What is it?

Trigger finger is a condition that affects one or more of the hand tendons, making it difficult to bend the affected finger or thumb. If the tendon becomes swollen and inflamed it can ‘catch’ in the tunnel it runs through (the tendon sheath). This can make it difficult to move the affected finger or thumb and can result in a clicking sensation.

What are the symptoms?

Signs and symptoms of trigger finger may progress from mild to severe and include:

  • Finger stiffness, particularly in the morning.
  • A popping or clicking sensation as you move your finger.
  • Tenderness or a bump (nodule) in the palm at the base of the affected finger.
  • Finger catching or locking in a bent position, which suddenly pops straight.
  • Finger locked in a bent position, which you are unable to straighten.

Trigger finger can affect any finger, including the thumb. More than one finger may be affected at a time, and both hands might be involved. Triggering is usually more pronounced in the morning, while firmly grasping an object or when straightening your finger.

What to expect?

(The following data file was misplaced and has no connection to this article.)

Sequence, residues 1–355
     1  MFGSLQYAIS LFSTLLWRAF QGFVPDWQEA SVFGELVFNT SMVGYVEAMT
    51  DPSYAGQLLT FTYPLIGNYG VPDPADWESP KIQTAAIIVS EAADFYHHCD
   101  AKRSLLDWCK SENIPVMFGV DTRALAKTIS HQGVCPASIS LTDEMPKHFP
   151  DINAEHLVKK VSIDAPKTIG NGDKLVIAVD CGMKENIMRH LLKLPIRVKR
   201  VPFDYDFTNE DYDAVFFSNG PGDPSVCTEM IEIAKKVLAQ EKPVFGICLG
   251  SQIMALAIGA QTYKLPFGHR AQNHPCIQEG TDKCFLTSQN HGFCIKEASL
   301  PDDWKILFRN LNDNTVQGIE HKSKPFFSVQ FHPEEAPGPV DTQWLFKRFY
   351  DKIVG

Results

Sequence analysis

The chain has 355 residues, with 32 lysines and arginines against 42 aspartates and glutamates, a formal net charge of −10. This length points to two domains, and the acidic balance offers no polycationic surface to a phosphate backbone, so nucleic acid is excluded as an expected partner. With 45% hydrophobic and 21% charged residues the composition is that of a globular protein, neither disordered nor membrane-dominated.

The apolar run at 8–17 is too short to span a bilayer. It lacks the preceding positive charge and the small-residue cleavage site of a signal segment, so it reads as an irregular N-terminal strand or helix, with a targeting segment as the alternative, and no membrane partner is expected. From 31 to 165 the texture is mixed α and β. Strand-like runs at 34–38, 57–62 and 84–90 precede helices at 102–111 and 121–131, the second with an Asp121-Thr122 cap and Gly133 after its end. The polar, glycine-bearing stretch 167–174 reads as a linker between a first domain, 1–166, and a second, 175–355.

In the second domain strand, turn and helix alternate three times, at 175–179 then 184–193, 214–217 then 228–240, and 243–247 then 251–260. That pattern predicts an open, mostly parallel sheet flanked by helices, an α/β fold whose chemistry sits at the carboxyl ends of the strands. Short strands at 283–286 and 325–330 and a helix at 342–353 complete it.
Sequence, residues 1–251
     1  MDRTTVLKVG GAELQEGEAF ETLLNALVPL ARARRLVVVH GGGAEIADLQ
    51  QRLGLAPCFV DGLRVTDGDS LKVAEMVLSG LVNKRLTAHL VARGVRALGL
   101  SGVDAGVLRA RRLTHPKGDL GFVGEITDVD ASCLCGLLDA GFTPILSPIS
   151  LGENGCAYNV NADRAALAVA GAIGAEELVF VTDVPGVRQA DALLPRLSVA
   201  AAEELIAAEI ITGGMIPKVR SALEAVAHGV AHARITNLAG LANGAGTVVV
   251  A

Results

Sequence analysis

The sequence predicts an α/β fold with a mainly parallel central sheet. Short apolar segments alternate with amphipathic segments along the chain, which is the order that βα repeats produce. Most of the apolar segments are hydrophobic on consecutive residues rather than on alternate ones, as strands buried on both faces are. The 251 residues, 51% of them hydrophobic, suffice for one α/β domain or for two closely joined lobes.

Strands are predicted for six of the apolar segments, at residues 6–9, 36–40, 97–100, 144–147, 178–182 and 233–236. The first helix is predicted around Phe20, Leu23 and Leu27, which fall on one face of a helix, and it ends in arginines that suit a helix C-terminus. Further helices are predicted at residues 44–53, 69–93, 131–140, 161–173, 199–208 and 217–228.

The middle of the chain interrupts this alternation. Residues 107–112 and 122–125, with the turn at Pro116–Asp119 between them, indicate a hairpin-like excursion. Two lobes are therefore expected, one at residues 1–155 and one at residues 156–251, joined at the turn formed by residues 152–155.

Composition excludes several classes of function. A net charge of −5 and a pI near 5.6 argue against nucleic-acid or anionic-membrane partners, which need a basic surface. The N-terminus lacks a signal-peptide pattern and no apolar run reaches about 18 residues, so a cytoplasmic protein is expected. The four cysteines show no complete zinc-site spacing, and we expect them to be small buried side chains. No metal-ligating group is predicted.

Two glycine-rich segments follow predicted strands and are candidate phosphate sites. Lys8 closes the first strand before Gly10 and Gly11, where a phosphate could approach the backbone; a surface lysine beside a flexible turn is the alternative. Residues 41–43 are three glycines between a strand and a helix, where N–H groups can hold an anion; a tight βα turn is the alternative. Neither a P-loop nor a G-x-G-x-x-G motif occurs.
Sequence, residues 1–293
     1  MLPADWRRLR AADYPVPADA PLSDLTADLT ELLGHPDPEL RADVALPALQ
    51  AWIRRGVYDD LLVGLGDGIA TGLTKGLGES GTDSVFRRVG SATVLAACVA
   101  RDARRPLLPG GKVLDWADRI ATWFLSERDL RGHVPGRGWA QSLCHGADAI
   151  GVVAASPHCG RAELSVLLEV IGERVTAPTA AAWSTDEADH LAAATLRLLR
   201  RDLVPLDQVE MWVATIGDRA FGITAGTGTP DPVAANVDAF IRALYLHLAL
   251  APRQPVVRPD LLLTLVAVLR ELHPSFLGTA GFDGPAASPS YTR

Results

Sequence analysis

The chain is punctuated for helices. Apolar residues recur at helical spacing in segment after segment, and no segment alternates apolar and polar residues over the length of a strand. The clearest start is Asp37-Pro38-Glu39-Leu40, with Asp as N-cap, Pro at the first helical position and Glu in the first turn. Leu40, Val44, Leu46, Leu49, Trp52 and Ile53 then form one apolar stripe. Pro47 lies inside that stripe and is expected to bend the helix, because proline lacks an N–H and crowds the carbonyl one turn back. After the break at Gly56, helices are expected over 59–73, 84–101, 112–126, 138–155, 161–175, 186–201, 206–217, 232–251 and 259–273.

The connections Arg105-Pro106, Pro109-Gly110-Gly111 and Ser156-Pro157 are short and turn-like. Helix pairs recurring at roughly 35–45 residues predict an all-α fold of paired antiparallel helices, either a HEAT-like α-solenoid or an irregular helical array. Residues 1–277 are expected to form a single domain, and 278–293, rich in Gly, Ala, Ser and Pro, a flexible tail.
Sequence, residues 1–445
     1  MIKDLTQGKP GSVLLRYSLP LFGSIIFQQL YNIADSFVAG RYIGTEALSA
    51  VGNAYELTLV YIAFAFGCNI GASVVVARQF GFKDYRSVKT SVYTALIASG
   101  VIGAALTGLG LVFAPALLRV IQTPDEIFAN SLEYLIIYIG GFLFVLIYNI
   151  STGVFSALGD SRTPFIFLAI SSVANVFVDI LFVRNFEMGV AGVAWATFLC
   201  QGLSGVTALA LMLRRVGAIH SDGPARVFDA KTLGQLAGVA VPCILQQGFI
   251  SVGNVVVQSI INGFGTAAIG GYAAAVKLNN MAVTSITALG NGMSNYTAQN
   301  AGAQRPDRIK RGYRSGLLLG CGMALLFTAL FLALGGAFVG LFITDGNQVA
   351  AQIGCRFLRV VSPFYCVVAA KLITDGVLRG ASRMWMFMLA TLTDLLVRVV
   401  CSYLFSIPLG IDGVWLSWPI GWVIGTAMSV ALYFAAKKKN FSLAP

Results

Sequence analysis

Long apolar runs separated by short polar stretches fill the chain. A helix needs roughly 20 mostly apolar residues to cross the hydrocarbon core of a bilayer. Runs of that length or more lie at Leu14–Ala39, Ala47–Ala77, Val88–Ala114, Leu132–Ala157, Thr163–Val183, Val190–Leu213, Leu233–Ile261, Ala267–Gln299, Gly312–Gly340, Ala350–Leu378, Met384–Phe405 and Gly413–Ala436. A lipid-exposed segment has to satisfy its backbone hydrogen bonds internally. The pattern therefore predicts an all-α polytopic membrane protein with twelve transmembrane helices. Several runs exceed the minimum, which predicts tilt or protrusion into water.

If you are diagnosed with trigger finger, you can consider discussing the following subjects with your doctor:

  • Various treatment modalities can be done to treat trigger finger, what is the recommendation of your GP?
  • You can also ask if your condition is temporary or long lasting? And if so, what should you be expecting from a treatment?

In addition to treatment by your doctor you can try the following things:

  • Painkillers might help in relieving pain and inflammation.
  • Take a break from repetitive activities for four to six weeks.
  • Wear a brace or splint to restrict motion and rest the hand.
  • Apply heat or ice to reduce swelling.
  • Gently stretching your fingers to enhance their range of motion.

Think you might have Trigger finger (finger disorder)?

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Think you might have Trigger finger (finger disorder)?